Rocky shallows on the River Irfon.

Looking up to the Eppynt range.

Nothing is wasted by farmers here - they took a few bales of hay off the churchyard at St David's, Llanynis.  I don't blame them.

The view downstream.

This is the ford along this stretch of the River Irfon.  Thinking back, it is very likely that this is either where Prince Llewellyn crossed back in the 13th C or his murderers.

Splish-splash - Tam had sensibly brought along her trainers for water.  There were skads of tiny minnows or similar, and a bigger - young trout? - about 10"/25 cm - long.

Looking upstream from the little stone beach we sat on.

Oh yes, the dead body.  It was away up the field, and I was convinced, from the lane, that this was a dead body - someone crossing via a footpath - and I was worried because it was such a hot day and if someone had collapsed there, they would be in a bad way (or dead).  Tam was equally convinced I was a sandwich short of a picnic! Seems that she was right . . . I think it's a fally-down scarecrow!

Tuesday 27 July 2021

Getting sorted


This rather splendidly threatening sky was encountered on the Llandovery road yesterday, as Tam and I headed towards the Irfon Forest for a short exploratory walk.

Looking across to the Eppynt range.

It was a short walk (just about 1 1/4 miles) starting at White Bridge, through the trees and beside the river.

We got back to the car before it began to spot with rain, although there was thunder and lightening (about 10 miles away) as we walked. 

This is a good swim area - it's called the Wash Pool, as it's where they used to wash the sheep before shearing.  This practice continued long after it was necessary, but the worry of losing 1/3 of the value of because of the fleece being unwashed was  a worry.  Nowadays, when farmers are paid less than 50p a fleece, some farmers burn the fleeces.  When you think - England's wealth was born on the back of sheep farming in Medieval times.  Nowadays a ball of good wool is as much as 10 times the cost of the entire fleece! Crazy.

As you can see we did get some rain, but not for long enough.  Overcast here today and a little rain overnight.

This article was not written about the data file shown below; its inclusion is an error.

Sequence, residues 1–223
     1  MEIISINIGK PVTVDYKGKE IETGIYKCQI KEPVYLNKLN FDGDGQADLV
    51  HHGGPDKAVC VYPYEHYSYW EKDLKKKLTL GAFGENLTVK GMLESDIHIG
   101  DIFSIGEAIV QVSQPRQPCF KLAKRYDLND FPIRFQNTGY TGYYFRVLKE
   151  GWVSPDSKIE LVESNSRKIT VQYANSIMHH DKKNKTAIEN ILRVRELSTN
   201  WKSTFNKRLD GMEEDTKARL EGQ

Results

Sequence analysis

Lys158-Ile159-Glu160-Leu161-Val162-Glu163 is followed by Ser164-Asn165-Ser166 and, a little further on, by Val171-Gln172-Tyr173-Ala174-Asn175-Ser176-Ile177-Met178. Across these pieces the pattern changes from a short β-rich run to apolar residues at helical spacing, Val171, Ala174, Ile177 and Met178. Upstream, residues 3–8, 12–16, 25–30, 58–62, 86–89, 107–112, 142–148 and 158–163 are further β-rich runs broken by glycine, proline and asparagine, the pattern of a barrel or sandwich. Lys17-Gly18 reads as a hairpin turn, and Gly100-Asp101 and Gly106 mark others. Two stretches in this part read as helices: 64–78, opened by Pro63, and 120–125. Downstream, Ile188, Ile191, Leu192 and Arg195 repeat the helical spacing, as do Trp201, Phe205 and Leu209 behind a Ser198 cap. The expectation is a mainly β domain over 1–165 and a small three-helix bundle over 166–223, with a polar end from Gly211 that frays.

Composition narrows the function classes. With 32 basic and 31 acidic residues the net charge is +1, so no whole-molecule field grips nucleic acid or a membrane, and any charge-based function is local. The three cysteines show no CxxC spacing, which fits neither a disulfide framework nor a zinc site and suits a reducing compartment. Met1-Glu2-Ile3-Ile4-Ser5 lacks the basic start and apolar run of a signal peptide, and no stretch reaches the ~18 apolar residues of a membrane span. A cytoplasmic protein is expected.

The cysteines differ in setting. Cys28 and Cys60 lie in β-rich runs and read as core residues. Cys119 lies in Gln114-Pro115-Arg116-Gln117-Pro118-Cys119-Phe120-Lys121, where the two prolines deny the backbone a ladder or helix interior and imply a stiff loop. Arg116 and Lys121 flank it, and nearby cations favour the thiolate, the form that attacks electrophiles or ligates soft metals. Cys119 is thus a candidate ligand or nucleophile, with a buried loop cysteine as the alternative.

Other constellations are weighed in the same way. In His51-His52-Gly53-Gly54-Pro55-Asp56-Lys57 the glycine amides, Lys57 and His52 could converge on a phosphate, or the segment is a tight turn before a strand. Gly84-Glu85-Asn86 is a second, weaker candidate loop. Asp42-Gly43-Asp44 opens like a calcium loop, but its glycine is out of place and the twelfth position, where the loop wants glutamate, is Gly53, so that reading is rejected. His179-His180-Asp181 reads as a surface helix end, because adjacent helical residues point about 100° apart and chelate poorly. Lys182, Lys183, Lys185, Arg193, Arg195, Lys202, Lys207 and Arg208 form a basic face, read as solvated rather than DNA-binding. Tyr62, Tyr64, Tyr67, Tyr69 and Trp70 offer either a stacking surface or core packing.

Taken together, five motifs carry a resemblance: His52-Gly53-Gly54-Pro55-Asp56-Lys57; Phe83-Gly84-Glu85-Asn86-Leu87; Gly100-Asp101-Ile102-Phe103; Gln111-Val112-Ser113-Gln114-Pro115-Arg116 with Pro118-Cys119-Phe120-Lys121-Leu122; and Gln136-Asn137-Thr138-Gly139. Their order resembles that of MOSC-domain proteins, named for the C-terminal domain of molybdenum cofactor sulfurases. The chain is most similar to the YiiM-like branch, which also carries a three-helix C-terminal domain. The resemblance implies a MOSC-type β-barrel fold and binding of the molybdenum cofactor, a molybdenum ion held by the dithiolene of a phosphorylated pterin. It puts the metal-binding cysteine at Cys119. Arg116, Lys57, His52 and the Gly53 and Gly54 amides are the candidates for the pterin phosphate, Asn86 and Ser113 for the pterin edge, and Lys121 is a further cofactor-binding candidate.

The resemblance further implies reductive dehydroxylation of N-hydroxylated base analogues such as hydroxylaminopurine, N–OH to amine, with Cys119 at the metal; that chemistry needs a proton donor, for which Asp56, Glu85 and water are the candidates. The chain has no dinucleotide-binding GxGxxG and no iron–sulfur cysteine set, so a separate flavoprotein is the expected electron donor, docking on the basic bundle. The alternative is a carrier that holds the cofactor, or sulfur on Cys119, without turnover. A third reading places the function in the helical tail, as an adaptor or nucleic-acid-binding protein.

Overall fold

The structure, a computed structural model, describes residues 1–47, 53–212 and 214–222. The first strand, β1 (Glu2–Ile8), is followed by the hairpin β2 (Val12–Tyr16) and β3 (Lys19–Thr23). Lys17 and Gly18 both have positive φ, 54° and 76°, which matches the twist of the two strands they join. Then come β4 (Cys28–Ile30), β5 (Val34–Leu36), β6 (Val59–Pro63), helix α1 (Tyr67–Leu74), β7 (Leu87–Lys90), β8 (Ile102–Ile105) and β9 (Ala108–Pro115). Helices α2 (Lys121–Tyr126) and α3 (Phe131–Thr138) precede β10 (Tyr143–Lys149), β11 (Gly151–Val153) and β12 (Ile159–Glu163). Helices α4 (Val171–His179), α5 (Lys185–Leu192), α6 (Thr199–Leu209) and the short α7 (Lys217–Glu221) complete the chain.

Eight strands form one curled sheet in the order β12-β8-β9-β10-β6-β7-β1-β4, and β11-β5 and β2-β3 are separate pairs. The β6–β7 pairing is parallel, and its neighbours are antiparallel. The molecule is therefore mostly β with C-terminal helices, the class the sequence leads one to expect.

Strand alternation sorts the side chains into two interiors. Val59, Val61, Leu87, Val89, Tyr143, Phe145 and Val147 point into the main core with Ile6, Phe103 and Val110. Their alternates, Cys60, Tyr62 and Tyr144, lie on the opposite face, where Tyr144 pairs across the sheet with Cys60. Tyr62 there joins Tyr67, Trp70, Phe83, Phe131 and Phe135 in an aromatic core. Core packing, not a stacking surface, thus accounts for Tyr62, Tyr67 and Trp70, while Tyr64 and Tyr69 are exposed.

Today a local company are coming to sort out the wasp nest.  Money well spent.  It became a priority as yesterday we also had a visit from the carpenter who is going to do our sash windows (cords need replacing).  He is quite possibly going to slot us in later this week (it's just a day's work) and it is hardly fair to expect him to work beneath a wasp nest.

        I'm not feeling my best this morning (hence the short post) as I slept badly so I'm back to bed now.

Sunday 25 July 2021

We have Lodgers! and welcome guests as well.


Yes, a Wasp Nest.  Absolutely lovely to look at and I could ignore it except we are having a chap here next week to give us an estimate for doing the sash cords on the back windows.  He won't be pleased to see this!  Can't deal with it ourselves, as Tam and I don't do heights, and Keith, who does, can't do ladders these days.  Can't get to it through the window - as it doesn't open!

This is another "I've never knowingly seen it before" plant - growing (x 4 on the bank in our new garden.  It is fairly unusual.  It is a Broad Leaved Helleborine. Mostly gone to seed but hopefully there will be more next year.

Above and below: this Fritillary is one which has been hurtling round the garden in the sunshine this week, but never stopping until today, when it was sat on the Marjoram,  happily feeding.  It's a male Silver Washed Fritillary I have been told.


"Tess" loves the sunny position in our yard. Now I need to get some trellis up as she's a climbing rose.

Ebb Tide has also been flowering really well.

Gladiolis from two packs I bought very cheaply in Morrisons earlier in the year.